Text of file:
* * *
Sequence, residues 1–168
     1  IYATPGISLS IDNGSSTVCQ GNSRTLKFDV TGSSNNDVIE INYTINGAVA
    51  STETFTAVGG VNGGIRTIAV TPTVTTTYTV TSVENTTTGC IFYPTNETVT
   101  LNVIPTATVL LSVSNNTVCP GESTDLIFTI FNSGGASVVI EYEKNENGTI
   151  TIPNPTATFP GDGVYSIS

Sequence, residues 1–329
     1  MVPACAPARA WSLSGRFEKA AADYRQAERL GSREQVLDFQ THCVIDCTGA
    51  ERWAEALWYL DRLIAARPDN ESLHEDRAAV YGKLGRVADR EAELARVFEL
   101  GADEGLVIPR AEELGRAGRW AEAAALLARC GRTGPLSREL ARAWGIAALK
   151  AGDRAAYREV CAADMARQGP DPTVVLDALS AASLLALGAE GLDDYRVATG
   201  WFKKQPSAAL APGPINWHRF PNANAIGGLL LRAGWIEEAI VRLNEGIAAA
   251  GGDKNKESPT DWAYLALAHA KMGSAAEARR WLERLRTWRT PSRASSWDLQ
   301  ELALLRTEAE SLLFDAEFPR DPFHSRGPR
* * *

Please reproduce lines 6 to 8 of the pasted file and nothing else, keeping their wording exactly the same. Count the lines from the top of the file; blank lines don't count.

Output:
Sequence, residues 1–329
     1  MVPACAPARA WSLSGRFEKA AADYRQAERL GSREQVLDFQ THCVIDCTGA
    51  ERWAEALWYL DRLIAARPDN ESLHEDRAAV YGKLGRVADR EAELARVFEL